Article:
I’m slowly being squeezed to death by gender theory. Simultaneously, I am being force fed Foucault and Butler. Two separate classes, teaching the same theorists. No one else knows this pain, the gradual tightening of the noose of gender theory.
I’m realizing that there are some things in life you just don’t want to understand. I don’t want to think more about it. It is what it is, I want to write on the paper that’s due Thursday. It is what it is and what I think doesn’t matter now and won’t ever.
But that’s not why we throw money at education, is it?
I’d like to have learned something useful; been forced to take classes about resume building and interviewing, ideas of lives well-led. The journeys that the professors themselves have been on to get to where they are today.
Not everyone skyrockets straight to the top, but they don’t tell you that.
They string you along and then dump you, indebted and lonely, a twenty two year old graduate with a bachelor’s degree in something you thought you’d love. Then what?
I found a quote that I loved, in a memoir by a transsexual. I love this book. I started it last night. I relate to this woman (not sexuality-wise) but I love her life and her observations and her humor and her narrative voice.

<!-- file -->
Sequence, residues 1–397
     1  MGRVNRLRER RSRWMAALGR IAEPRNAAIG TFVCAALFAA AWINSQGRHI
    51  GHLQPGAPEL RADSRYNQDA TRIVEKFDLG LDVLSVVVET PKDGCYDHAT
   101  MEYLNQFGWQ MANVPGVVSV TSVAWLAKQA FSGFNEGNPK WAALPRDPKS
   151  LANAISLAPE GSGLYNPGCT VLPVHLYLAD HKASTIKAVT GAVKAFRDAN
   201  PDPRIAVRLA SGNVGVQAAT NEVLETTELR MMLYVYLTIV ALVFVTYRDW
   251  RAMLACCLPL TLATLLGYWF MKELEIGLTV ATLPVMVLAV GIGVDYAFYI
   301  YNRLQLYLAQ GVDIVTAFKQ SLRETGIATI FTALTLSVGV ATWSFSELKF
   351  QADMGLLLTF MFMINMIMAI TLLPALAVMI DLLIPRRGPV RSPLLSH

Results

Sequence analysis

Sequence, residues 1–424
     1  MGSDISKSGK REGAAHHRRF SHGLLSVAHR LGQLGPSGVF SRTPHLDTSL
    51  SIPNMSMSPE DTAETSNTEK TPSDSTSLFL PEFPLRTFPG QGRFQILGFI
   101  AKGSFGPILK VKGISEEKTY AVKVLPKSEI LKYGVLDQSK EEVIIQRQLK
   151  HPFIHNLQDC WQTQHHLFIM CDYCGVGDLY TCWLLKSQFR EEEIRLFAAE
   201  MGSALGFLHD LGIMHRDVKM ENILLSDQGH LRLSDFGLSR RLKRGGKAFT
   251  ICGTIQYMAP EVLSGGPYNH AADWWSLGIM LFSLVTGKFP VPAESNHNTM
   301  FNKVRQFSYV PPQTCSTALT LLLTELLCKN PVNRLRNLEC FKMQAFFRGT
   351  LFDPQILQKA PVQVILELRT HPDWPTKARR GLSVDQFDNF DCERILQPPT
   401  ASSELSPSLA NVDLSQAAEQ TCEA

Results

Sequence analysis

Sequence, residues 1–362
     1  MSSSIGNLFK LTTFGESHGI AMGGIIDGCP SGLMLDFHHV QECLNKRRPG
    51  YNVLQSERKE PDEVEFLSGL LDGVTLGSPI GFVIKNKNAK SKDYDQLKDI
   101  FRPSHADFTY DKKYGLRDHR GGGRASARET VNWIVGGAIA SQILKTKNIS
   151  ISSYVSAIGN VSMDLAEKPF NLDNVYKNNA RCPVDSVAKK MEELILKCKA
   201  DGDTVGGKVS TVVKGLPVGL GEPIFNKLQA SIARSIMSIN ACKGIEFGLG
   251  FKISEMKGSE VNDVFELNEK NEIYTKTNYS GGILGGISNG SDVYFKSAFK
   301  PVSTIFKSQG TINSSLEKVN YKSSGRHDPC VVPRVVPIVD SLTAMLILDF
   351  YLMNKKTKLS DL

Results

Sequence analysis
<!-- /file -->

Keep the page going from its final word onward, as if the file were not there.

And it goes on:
“Briefly I was a journalist in my twenties, although not a very good one. I didn’t quite grasp the whole concept of accuracy. Whenever I needed a quote, I’d just make one up and attribute it to an ‘anonymous source.’ On one occasion, I alleged that something had been stated ‘according to someone that would know.'”
-From She’s Not There, by Jennifer Boylan.
This morning in the pouring rain, a very soaked me was handed the free newspaper. I accepted, then remember, shit, now you’re obligated to tip. She’s a nice lady, she stands there every morning. I shrugged when she asked me if I had any change and then dug in my pockets.
“It’s fresh from the closet,” I said apologetically. She laughed in a good natured way. Then I turned and ran into a man while waiting to cross Sheridan Rd. He asked me if I was a Taurus, to which I replied yes. He showed me his Illinois state ID. May 18, same birthday as me. I told him so.
“You play sports?” he asked. I laughed and shook my head. “You’ve got the legs for it.” I laughed again.
He told me something about his fingernails, then asked me if I was a smoker. “It was bad nail polish,” I said defensively. (I currently have yellow nails stained from the dark red nail polish of last week.)
“Brittle,” he replied.
He told me he was a musician, “like the Beatles,” and then proceeded to keep talking as I crossed the street. “My brother….KRS-One….rap artist….” I heard as the light changed and I walked away.
I’m going to miss mornings like that. I’m not quite sure that Denver will have them.